Like Hogs, ARK Challenge Winner Spencer Jones on Upward Trajectory


Like Hogs, ARK Challenge Winner Spencer Jones on Upward Trajectory
ARK Challenge winner Spencer Jones (right) meets with potential investors during his time in the ARK's fall run in Little Rock.

Spencer Jones’ entrepreneurial trajectory has shadowed that of his favorite team, the Arkansas Razorbacks.

The 23-year-old Conway native and University of Arkansas graduate officially launched his entrepreneurial venture at the ARK Challenge startup accelerator program, which began its fall 2014 installment in Little Rock in August.

While the Hogs toiled themselves back to respectability in the rugged Southeastern Conference, Jones developed his Little Rock startup, Jones Innovative Medical Solutions, alongside some of the state’s most promising young entrepreneurs and another startup savant from Minnesota.

His emergence as one of the state’s startup whiz kids is perhaps as unexpected as the Razorbacks’ back-to-back shutouts of ranked opponents in November that assured the team of a bowl berth at the end of the season.

Four months ago, Jones was a surgical nurse resident at CHI St. Vincent Infirmary Medical Center in Little Rock who hatched an idea to innovate the way blood is drawn from patients, especially those suffering from diabetes requiring not only daily blood draws but multiple finger pricks to check blood sugar levels.

He took his idea to Innovate Arkansas, the nonprofit organization from Winrock International and the Arkansas Economic Development Commission that nurtures tech-based startup ventures with potential to create high-paying jobs, and was advised to apply for the ARK.

The rest, as they say, is history.

“I never had any entrepreneurial leanings,” he said. “But once I came up with the idea and got plugged into Innovate Arkansas, I learned a lot and thought this is what I like doing.”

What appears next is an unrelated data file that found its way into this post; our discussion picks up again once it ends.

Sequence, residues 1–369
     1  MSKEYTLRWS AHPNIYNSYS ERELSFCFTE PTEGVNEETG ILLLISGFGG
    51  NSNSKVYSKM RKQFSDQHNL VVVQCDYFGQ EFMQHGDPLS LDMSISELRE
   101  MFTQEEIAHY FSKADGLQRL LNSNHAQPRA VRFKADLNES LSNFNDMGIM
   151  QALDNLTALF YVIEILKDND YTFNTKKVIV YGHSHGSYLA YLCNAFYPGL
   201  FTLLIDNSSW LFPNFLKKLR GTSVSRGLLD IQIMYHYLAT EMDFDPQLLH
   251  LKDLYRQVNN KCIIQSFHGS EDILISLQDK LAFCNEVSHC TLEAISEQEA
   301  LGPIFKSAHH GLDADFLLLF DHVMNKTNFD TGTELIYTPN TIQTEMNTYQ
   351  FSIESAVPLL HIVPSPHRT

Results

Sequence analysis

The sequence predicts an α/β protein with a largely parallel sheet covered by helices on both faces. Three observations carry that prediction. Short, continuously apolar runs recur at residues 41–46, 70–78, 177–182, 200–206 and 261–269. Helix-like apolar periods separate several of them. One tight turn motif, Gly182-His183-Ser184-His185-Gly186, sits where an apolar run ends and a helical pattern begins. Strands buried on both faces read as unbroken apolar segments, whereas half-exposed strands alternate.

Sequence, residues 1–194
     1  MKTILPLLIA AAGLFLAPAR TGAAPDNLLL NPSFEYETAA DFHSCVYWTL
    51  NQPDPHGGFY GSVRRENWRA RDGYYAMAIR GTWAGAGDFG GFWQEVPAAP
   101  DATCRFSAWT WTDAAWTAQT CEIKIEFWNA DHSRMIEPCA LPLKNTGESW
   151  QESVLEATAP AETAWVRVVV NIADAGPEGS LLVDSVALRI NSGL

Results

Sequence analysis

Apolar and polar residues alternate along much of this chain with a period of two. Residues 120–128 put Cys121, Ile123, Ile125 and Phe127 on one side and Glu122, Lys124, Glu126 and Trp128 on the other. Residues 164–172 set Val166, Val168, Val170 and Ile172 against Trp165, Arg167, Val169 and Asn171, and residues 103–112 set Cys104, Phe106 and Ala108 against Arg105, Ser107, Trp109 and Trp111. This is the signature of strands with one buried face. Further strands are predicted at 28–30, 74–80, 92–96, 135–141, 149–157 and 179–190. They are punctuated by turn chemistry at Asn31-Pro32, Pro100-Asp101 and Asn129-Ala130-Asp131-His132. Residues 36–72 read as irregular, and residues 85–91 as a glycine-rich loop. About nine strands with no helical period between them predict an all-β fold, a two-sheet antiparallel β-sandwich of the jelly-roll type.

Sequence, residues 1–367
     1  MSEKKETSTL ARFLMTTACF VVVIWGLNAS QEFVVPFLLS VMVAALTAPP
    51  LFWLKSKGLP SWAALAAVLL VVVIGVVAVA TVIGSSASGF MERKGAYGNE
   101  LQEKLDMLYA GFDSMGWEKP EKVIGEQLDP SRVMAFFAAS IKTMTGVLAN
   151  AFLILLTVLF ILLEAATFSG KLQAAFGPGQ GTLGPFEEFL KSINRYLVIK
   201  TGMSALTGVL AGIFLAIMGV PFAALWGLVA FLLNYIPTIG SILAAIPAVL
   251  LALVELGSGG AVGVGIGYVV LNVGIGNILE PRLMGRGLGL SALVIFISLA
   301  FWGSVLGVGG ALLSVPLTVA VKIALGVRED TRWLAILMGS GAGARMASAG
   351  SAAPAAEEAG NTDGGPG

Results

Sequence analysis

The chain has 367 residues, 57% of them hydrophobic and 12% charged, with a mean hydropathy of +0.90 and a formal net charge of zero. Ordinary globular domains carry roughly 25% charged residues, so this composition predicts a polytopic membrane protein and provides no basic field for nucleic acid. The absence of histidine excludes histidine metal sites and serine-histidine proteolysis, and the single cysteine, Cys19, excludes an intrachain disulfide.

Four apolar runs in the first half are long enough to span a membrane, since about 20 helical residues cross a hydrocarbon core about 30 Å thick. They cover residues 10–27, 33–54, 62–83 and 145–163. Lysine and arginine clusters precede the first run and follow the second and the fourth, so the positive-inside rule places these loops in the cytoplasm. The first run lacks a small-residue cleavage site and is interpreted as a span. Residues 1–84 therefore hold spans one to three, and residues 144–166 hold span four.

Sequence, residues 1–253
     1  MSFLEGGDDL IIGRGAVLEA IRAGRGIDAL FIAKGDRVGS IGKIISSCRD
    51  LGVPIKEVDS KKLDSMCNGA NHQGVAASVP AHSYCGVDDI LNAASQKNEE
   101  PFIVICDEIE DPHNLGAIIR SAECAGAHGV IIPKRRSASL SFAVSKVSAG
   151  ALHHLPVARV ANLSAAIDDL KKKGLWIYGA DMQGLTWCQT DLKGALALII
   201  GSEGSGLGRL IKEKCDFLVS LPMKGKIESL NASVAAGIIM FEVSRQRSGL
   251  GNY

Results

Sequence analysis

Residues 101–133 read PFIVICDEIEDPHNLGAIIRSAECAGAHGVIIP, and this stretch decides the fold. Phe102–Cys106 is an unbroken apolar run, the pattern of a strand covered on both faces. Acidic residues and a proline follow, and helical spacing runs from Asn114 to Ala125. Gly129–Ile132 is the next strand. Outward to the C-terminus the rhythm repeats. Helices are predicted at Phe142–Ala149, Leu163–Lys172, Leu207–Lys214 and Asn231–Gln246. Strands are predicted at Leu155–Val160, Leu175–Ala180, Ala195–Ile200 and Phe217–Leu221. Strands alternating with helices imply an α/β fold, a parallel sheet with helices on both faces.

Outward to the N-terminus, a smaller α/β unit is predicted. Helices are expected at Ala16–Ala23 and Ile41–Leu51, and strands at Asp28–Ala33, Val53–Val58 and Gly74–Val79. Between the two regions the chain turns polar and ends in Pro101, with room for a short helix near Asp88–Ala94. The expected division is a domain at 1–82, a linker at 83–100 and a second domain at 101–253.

It’s a good thing he enjoys it, because his win at the ARK’s fall Demo Day on Nov. 12 pretty much cemented his rising entrepreneur status. At Demo Day, held in the Great Hall of the Clinton Presidential Center, Jones joined the five other competing teams to pitch the products they had developed over the course of the three-month startup boot camp.

Startups accepted into the program were seed funded with $20,000, but Jones took home an additional $150,000 (funded through state and private sources) as the winner.

Jones said the ARK prize money will help refine his product, the Bifurcated Venous Access Device, which provides hospitals with a “one-stop” blood draw system — one site for both IV fluid administration and blood draws.

Even before the ARK ran its course, though, Jones was a winner, partnering with David DePoyster of North Little Rock.

DePoyster owns medical venture development firm MedSource and Multiline Medical, a health care device distributor and consulting firm, and his investment in Jones Innovative ensured the startup’s continuation post-Ark regardless of Demo Day results.

“The partnership with David was huge,” Jones said. “With everything he brought to the table, I couldn’t have asked for a better partner. It definitely put me in a position to win the challenge, but I felt like I had won big by just being part of the ARK Challenge. I’m a very competitive person, so winning was very satisfying in its own right. For the company, it means a lot of valuable exposure that wouldn’t have come otherwise.”

Initially, target clients will be hospitals, and Jones said nurses will be the end users. He plans to charge about $8 per unit. Most importantly, though, patients will be the primary beneficiaries.

For Jones, that’s the biggest potential outcome. He hatched the idea for the BVAD after having to poke patients, and essentially serve as a cause of pain, multiple times a day.

There had to be a better way, he thought.

“I really feel like this is a leap forward for patient advocacy,” he said. “With this, hospitals can say, ‘Come here and you won’t be a pin cushion.’”

For Jones, the events of 2014 remain hard to fathom. He called his ARK experience a life-changing one that opened his eyes to an Arkansas entrepreneurial ecosystem he never knew existed.

Meanwhile, the BVAD remains on a summer path to market.

“Winning doesn’t change our speed to market quite as much as you’d think,” he said. “No doubt, this capital will give us some breathing room on budgeting and may accelerate a few parts, but because of the way our partnership and business model are set up, the prize money is sort of a cherry on top.”

Kind of like the Hogs making it to a bowl game this year.


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